Mayor Paul Soglin announced today that the city’s tired and dysfunctional downtown “mall”—State Street—will be overhauled to meet the needs of a 21st century city.
For years, residents have complained that State Street isn’t truly a “mall,” in the Santa Monica Promenade sense, but a chaotic thoroughfare allowing everything from taxis, buses and police cars to delivery vehicles and bicycles to stroll up and down the street all day long, presenting a nuisance to pedestrians and outdoor diners. In fact, the only vehicles not allowed on State Street are nonofficial or nondelivery cars and motorbikes. This has not made for an ambient shopping or tourist destination throughout the duration of the famed street’s current incarnation. Ask anyone who’s dined with a Madison Metro bus idling in front of them, at a stop light, for what seems like an eternity.
But Soglin has announced that all of that will change. With several hundred million dollars in state and federal urban renovation grants, State Street will undergo its largest transformation to date.
In the works:
The following cross streets will soon pass beneath State Street:
- East Johnson/Henry
- Gorham St.
- Gilman St.
- Lake St.
Handicap-accessible bus stops will be installed at each cross street, but buses, taxis, delivery vehicles and all non-emergency vehicles will be banned from State Street. A ground level monorail will silently and without exhaust shuttle people from the Square to the Memorial Union mall and back, right down the middle of State Street.
Two underground service corridors will be installed for all deliveries. These will be accessible from each of the cross streets. Electronic dollies will be available to facilitate deliveries.
A five-story underground parking ramp will be installed beneath the Memorial Union mall and both the Dayton Street ramp and W. Mifflin Street ramp will be expanded to accommodate visitors.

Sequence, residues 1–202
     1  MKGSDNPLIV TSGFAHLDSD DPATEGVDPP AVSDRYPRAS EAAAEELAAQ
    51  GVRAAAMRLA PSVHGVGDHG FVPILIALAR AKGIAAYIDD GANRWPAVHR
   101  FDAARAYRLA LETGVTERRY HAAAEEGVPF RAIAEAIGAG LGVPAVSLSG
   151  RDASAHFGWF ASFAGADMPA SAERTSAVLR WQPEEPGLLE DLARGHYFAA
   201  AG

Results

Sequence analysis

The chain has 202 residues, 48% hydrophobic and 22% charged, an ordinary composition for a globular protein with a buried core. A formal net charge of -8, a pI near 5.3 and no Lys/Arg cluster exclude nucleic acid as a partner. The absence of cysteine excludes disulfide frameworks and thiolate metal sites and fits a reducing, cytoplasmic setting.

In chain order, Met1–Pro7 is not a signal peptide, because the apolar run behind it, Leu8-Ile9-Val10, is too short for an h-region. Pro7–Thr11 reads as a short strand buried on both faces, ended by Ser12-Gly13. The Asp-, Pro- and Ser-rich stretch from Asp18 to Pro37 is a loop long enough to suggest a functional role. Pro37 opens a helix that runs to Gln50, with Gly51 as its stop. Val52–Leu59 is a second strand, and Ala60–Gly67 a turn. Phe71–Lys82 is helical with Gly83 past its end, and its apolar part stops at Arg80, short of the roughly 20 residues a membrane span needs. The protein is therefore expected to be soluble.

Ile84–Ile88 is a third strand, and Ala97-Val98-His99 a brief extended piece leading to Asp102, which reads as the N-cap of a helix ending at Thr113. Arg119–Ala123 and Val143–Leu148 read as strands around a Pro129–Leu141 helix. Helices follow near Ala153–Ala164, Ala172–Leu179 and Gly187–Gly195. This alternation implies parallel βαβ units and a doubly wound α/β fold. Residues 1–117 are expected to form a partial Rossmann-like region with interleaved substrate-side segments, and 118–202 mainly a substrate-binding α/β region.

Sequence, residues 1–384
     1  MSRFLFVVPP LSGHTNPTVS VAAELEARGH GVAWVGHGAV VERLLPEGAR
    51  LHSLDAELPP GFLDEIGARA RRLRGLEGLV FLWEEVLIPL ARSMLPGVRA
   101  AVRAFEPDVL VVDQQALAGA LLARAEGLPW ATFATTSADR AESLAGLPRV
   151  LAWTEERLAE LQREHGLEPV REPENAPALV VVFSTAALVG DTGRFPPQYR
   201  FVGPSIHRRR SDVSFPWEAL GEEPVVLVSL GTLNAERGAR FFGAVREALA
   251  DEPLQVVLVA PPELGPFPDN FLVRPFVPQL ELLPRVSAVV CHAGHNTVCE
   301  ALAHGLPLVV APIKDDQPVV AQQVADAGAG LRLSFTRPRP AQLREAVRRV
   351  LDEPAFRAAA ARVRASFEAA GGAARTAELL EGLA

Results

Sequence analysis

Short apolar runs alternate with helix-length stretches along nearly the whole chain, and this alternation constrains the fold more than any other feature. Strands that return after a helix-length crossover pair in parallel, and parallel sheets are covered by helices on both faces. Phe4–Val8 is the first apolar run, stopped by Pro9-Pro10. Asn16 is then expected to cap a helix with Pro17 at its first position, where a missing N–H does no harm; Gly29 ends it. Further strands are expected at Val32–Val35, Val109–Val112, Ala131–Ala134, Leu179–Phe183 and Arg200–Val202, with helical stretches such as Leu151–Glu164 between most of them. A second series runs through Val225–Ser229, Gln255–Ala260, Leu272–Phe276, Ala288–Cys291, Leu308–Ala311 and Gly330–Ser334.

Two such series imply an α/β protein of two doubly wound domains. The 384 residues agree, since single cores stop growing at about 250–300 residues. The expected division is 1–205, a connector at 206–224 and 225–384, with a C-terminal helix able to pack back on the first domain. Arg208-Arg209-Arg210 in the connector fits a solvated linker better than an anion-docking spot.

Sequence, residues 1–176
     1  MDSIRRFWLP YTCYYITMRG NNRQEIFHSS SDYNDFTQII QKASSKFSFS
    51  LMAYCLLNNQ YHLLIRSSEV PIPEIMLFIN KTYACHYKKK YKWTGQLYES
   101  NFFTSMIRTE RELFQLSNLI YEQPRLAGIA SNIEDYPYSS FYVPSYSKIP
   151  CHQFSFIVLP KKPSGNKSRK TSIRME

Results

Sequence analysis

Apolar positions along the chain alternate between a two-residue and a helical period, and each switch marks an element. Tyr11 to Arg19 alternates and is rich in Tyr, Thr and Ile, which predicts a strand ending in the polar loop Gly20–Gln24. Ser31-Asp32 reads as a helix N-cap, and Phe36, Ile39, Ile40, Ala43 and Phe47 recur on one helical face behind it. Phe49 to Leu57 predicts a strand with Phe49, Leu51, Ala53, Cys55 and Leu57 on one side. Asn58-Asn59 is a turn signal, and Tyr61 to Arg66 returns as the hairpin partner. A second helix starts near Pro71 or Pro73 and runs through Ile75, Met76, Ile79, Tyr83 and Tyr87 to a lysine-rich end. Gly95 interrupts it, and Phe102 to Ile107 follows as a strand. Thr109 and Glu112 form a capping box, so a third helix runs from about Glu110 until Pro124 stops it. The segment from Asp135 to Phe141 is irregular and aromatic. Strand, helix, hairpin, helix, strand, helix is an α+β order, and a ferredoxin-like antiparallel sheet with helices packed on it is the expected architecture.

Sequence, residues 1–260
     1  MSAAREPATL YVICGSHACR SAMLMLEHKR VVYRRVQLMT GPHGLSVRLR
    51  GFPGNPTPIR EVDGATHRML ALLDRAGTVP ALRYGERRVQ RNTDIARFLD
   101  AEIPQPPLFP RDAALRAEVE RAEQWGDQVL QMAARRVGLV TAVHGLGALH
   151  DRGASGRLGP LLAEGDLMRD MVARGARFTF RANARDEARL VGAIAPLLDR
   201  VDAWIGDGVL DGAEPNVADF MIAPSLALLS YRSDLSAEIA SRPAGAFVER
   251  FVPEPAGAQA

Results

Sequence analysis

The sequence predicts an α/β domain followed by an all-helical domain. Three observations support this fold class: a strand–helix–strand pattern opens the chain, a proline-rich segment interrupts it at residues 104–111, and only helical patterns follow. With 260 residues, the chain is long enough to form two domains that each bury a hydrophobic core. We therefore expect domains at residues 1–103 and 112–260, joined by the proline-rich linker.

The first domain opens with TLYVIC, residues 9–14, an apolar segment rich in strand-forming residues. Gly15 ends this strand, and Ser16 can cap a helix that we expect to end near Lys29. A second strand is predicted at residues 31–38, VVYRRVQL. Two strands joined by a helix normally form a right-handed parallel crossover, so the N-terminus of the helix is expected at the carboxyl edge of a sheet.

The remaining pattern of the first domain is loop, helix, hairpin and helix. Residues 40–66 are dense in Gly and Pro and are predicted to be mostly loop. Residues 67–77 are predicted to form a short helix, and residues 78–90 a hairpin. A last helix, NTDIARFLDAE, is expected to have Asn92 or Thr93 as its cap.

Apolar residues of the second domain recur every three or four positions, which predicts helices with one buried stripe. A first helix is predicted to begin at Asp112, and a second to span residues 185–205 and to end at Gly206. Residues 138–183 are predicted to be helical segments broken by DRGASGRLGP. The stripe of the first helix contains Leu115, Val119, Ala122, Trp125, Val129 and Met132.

Roughly 50 percent of State Street will be covered by a translucent awning, that will also support solar arrays, which will provide power to the mall. This will make outdoor shopping and dining possible even on rainy days.
Said the mayor “For too long, State Street has been allowed to decay into mediocrity. This revitalization will elevate State Street to a world class destination and restore Madison’s reputation as a city of innovation.”
The entire project will take about three years and will occur in two-block increments, starting at the Memorial Union mall. State Street business groups are said to be on board and welcome such transformation.
“Disruption of business should not be to a degree greater than what was endured during the construction of the Hub—a colossal mixed use, student housing project at State St. and Frances St.” the mayor assured.
Artist renderings will be made available in a future press release, or at the Madison Municipal Building (unless it becomes Judge Doyle Plaza).